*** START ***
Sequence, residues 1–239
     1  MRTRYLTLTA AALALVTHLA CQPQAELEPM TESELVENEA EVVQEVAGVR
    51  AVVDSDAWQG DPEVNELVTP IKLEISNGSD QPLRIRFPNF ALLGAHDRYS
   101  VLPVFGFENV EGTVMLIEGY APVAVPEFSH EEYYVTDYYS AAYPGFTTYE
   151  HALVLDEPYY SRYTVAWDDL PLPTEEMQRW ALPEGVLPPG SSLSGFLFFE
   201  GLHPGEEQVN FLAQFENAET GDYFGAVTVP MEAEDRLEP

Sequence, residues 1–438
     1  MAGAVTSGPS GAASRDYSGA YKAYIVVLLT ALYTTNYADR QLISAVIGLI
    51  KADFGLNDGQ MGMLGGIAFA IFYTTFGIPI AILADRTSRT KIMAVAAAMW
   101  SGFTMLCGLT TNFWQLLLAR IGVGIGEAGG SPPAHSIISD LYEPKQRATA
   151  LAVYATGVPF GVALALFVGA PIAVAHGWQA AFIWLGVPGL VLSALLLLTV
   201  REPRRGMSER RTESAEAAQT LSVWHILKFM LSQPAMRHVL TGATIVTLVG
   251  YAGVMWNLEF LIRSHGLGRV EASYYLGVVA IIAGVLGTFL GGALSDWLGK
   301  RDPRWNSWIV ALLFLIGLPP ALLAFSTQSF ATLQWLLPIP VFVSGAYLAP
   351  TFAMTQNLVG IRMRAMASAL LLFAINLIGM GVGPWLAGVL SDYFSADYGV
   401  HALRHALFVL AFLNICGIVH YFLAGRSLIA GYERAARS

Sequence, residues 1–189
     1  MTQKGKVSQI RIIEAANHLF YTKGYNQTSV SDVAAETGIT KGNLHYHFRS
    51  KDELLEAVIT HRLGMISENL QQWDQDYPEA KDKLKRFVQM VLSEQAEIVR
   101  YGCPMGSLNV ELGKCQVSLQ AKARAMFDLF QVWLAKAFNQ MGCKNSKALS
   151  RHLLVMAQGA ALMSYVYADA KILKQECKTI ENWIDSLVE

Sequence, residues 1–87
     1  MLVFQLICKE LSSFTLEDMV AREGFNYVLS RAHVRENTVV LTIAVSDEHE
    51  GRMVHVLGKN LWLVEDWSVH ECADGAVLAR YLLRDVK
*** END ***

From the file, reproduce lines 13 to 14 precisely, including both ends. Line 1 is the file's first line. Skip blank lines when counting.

   251  YAGVMWNLEF LIRSHGLGRV EASYYLGVVA IIAGVLGTFL GGALSDWLGK
   301  RDPRWNSWIV ALLFLIGLPP ALLAFSTQSF ATLQWLLPIP VFVSGAYLAP